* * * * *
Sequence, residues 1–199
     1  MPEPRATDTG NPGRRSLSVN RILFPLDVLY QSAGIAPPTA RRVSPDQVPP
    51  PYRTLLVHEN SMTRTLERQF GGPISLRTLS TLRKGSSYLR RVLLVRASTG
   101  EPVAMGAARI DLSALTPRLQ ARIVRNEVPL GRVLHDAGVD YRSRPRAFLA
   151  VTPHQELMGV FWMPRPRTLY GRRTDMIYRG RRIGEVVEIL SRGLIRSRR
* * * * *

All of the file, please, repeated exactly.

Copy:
Sequence, residues 1–199
     1  MPEPRATDTG NPGRRSLSVN RILFPLDVLY QSAGIAPPTA RRVSPDQVPP
    51  PYRTLLVHEN SMTRTLERQF GGPISLRTLS TLRKGSSYLR RVLLVRASTG
   101  EPVAMGAARI DLSALTPRLQ ARIVRNEVPL GRVLHDAGVD YRSRPRAFLA
   151  VTPHQELMGV FWMPRPRTLY GRRTDMIYRG RRIGEVVEIL SRGLIRSRR